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Hath needs beyond exhausting; the whole soil
Thrice, four times, yearly must be cleft, the sod
With hoes reversed be crushed continually,
The whole plantation lightened of its leaves.
Round on the labourer spins the wheel of toil,
As on its own track rolls the circling year.
Soon as the vine her lingering leaves hath shed,
And the chill north wind from the forests shook
Their coronal, even then the careful swain
Looks keenly forward to the coming year,
With Saturn's curved fang pursues and prunes
The vine forlorn, and lops it into shape.
Be first to dig the ground up, first to clear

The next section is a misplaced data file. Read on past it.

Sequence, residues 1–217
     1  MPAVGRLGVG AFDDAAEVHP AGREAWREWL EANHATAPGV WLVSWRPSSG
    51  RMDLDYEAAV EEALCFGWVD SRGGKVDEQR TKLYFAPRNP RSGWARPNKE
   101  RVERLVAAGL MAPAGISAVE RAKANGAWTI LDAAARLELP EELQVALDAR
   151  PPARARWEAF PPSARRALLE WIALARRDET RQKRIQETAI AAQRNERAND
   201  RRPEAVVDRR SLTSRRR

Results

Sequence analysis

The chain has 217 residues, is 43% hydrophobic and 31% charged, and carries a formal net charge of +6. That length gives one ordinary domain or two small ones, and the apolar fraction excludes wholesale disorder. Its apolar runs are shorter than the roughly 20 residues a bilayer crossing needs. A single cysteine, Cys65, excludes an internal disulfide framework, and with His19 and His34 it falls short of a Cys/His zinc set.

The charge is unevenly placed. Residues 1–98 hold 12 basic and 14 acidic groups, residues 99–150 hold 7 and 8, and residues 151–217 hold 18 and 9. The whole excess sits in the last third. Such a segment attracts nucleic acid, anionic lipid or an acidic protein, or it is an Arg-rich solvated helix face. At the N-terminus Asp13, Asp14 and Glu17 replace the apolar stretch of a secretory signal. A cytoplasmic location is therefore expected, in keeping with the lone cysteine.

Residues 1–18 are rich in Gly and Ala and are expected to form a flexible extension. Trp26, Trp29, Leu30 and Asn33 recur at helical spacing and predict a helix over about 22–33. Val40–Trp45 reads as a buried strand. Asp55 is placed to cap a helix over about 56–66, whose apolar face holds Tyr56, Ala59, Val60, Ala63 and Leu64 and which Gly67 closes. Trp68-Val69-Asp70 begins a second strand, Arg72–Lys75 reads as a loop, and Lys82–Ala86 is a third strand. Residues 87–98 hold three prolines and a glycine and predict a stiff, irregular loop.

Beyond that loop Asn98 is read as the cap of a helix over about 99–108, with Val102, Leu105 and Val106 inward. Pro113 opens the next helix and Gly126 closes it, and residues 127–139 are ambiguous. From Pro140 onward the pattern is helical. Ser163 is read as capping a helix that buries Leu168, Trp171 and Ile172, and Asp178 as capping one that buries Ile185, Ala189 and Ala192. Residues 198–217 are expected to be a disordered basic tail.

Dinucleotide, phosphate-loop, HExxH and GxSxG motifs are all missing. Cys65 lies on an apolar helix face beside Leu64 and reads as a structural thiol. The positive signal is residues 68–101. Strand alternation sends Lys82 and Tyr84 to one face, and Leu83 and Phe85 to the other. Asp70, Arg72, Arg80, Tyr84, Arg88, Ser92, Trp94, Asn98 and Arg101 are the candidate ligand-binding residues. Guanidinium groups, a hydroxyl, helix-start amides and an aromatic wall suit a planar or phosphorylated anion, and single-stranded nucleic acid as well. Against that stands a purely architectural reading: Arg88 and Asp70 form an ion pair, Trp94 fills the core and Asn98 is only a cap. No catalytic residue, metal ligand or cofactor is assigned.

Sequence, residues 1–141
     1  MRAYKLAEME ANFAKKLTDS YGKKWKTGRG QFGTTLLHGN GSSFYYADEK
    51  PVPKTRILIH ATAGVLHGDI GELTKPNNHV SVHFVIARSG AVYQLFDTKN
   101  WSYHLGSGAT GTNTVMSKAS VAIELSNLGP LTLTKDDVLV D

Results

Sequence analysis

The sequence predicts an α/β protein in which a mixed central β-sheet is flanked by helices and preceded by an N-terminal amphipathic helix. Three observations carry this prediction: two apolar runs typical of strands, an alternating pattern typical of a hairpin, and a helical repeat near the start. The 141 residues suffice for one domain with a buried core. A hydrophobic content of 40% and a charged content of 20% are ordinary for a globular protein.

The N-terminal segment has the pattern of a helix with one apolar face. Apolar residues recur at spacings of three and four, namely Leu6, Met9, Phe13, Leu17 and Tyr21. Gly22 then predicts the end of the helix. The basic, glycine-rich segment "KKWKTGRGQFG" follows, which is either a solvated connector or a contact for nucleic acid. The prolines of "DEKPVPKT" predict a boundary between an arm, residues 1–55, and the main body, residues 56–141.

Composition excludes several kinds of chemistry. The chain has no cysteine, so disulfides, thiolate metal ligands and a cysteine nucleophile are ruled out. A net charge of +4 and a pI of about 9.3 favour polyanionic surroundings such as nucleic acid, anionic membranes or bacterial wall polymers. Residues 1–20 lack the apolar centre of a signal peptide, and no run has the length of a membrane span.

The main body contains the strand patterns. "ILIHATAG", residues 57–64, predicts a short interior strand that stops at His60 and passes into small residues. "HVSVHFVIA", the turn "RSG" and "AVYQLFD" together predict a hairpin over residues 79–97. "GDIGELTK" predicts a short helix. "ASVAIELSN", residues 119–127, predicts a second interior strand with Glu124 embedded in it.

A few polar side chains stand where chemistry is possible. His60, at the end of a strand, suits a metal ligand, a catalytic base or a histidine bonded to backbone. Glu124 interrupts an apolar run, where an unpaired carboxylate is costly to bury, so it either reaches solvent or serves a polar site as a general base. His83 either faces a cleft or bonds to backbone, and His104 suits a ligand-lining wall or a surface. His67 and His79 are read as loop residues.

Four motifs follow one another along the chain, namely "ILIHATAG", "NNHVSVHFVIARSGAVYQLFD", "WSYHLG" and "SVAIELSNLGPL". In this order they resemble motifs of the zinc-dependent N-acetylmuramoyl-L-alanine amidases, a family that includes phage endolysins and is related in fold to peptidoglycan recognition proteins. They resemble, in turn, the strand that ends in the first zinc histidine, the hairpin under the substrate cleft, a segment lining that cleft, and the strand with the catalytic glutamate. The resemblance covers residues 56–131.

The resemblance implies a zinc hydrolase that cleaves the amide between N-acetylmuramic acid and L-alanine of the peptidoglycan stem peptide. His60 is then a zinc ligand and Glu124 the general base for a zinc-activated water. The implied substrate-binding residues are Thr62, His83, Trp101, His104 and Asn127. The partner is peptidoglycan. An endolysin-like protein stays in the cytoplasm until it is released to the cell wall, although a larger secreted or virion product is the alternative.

And burn the refuse-branches, first to house
Again your vine-poles, last to gather fruit.
Twice doth the thickening shade beset the vine,
Twice weeds with stifling briers o'ergrow the crop;
And each a toilsome labour. Do thou praise
Broad acres, farm but few. Rough twigs beside
Of butcher's broom among the woods are cut,
And reeds upon the river-banks, and still
The undressed willow claims thy fostering care.
So now the vines are fettered, now the trees
Let go the sickle, and the last dresser now
Sings of his finished rows; but still the ground
Must vexed be, the dust be stirred, and heaven
Still set thee trembling for the ripened grapes.
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